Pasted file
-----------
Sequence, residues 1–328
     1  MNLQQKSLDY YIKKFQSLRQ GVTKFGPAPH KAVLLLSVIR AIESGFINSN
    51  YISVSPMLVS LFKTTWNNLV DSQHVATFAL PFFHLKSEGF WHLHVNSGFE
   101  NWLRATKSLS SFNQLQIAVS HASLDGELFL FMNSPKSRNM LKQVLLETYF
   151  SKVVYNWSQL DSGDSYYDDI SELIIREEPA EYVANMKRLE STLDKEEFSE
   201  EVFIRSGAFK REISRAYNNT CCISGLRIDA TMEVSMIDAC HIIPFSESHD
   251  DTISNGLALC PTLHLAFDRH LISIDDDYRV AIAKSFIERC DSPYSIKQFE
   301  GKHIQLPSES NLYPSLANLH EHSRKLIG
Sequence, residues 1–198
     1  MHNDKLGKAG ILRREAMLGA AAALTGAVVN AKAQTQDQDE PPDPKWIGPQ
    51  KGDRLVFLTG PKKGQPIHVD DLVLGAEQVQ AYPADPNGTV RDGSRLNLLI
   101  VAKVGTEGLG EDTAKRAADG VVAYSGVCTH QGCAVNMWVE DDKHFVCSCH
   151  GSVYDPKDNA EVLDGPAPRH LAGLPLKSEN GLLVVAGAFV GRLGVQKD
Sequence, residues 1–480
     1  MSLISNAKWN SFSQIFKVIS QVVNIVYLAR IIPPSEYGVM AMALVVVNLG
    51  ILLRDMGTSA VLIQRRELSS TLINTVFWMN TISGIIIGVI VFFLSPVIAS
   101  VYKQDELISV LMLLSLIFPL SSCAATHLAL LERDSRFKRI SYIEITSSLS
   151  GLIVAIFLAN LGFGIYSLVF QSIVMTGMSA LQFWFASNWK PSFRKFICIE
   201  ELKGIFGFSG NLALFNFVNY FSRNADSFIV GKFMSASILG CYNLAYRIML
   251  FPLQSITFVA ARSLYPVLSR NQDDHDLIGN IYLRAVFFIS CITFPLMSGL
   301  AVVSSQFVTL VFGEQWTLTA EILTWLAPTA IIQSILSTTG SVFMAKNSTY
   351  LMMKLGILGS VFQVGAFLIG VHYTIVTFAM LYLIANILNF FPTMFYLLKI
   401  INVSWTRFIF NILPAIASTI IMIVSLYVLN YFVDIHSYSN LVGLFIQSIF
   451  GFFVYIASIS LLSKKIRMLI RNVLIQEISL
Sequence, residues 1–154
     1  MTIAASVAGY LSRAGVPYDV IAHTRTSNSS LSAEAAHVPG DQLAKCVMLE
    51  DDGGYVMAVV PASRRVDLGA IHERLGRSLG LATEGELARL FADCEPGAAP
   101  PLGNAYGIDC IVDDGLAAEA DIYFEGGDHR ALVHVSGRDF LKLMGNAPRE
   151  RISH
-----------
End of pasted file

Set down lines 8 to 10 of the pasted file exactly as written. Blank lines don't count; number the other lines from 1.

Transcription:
   301  GKHIQLPSES NLYPSLANLH EHSRKLIG
Sequence, residues 1–198
     1  MHNDKLGKAG ILRREAMLGA AAALTGAVVN AKAQTQDQDE PPDPKWIGPQ